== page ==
War Horse National Wildlife Refuge

Fish and Wildlife Service, Montana.


The following are the War Horse National Wildlife Refuge units:  
*War Horse Unit and Wild Horse Unit are fragmented, as such, be sure to know boundaries to avoid accidently trespassing on private land while visiting.

War Horse Unit, the Refuge's namesake, is 1,118 acres and located 14-miles northwest of Winnett in Petroleum County. The unit consists of three separate land parcels adjacent to War Horse Reservoir: one 152-acre parcel is along the north shoreline of the reservoir; the other two parcels (606 and 360 acres) are on the south shoreline. The shorelines serve as staging areas for migrating waterfowl and nesting areas shorebirds. Some waterfowl do nest in the mixed grassland-sage.

The 40-acre War Horse WPA connects two parcels of War Horse NWR lands on the south side of War Horse Reservoir. War Horse Reservoir, a natural wetland basin, was altered to store and provide water for crop irrigation. The privately owned irrigation project consists of diversion structures in Ford Creek (west of the unit) and Buffalo Creek (south of the unit); two supply canals that transport water to the reservoir; and a raised earthen dike across the outlet of the basin with a screw gate valve to release water into the irrigation canal. A lack of maintenance funds over the past three decades and flood damage to the diversion structures have greatly diminished the value of this project for irrigation purposes. About 75% of the shoreline of War Horse Reservoir is BLM- or Service-administered lands. The Service does not own any water rights in this reservoir. 

The War Horse Unit has a unique plant community-soil association in having a 225-acre ponderosa pine woodland on fragile acidic shale soils. The pines exhibit slow growth rates, are short in stature, and grow in dense stands with mostly bare shale soils underneath the trees. The remaining habitat of this unit is a mixture of sagebrush and grasslands with a savanna-like component at the interface with the woodland. Many wildflowers abound in this area. The tell-tale sign of porcupine presence here is evident from the gnawed cambium layer of some pines.  Pronghorn and mule deer are also prevalent inhabitants of this unit, as are woodland and savanna neotropical migrant songbirds and numerous grassland nesting birds.


Wild Horse Unit consists of two small and separate land parcels adjacent to the southern shoreline of Wild Horse Lake, a natural depression that contains water only infrequently. The west parcel is 120 acres, and the east parcel, located 0.5 mile to the east, is 320 acres. The parcels are separated by private land. The sagebrush uplands surrounding the wetland are critical for wintering sage grouse and pronghorn which can be found in the area throughout the year. Prairie dogs, mule deer, and rattlesnakes can also be found here, as well as other mixed sage-grassland obligate species.

Yellow Water Unit is 1,314 acres and includes a portion of the state-owned Yellow Water Reservoir, which is managed by the Montana Department of Natural Resources and Conservation for irrigation supply to neighboring ranches. The Yellow Water dam was constructed in 1938 for irrigation purposes and is owned by the Montana Department of Natural Resources and Conservation. Originally, this unit consisted of lands in two separate parcels adjacent to the Yellow Water Reservoir. However, a 2004 land exchange created one contiguous parcel along the west and southwest shores of the reservoir. An easement for protection of wildlife habitat was retained on 560-acres of land that was divested during the 2004 land exchange at the Yellow Water Unit. This easement requires that the permanent vegetative cover be retained on these lands, and it cannot be altered unless prior approval in writing is granted by the Service.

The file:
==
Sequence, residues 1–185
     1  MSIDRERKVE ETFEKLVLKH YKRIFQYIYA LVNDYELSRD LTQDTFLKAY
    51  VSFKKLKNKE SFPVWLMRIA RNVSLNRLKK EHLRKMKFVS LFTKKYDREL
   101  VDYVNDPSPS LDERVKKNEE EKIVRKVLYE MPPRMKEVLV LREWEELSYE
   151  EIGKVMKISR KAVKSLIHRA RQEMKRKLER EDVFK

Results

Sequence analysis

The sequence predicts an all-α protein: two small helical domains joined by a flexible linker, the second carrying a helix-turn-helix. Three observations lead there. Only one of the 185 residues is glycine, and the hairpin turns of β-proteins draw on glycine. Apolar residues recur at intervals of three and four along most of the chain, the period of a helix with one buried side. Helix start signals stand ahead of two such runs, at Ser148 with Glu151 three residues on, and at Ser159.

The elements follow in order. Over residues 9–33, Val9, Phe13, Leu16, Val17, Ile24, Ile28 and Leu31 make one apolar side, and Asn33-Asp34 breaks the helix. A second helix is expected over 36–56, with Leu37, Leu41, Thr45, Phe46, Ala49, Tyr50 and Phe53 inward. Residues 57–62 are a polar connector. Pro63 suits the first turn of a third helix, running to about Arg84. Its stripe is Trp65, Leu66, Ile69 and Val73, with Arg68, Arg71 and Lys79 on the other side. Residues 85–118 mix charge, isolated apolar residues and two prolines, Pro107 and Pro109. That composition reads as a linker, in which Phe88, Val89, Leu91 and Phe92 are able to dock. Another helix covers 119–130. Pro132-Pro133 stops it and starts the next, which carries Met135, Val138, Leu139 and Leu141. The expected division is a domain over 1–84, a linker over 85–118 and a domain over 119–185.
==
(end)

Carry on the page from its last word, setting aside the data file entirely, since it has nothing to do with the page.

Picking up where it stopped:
Water levels at this reservoir fluctuate greatly. Rainbow trout are occasionally stocked in the reservoir by the State. Shallow flats on the west end of the reservoir support submergent vegetation attractive to waterfowl and shorebirds. Surrounding uplands
provide critical nesting and wintering habitat for sage grouse. Pronghorn, mule deer, prairie dogs, and rattlesnakes are also present in this unit, along with many sagebrush and mixed sagebrush-grassland bird obligate species.

Nearby Activities


War Horse National Wildlife Refuge consists of three separate land units: Wild Horse, War Horse and Yellow Water.

To access the Wild Horse Unit, head east from Grass Range on Highway 200 for 11 miles to the old town of Teigen. Turn north on the Blakeslee Road. Go 10 miles north until you come to a four-way intersection. Turn east and drive 1.5 miles to the lake.

To access the War Horse Unit, head east from Grass Range on Highway 200 for 11 miles to the old town of Teigen. Turn north on the Blakeslee Road. Go 6.5 miles north until you see the lake, passing the National Wildlife Refuge sign (at 5.5 miles). At the cement bridge, turn east on the dirt trail to the lake.

To access the Yellow Water Unit, take Highway 200 to the town of Winnett, then drive south on Highway 244 for 7.4 miles to the Yellow Water Road. Turn west on the gravel road and continue 5.5 miles taking a left at the ‘Y’ to the reservoir.

Additional Information